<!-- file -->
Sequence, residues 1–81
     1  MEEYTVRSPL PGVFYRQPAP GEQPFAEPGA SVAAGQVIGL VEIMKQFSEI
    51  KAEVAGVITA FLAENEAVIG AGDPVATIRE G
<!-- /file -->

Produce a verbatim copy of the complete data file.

Sequence, residues 1–81
     1  MEEYTVRSPL PGVFYRQPAP GEQPFAEPGA SVAAGQVIGL VEIMKQFSEI
    51  KAEVAGVITA FLAENEAVIG AGDPVATIRE G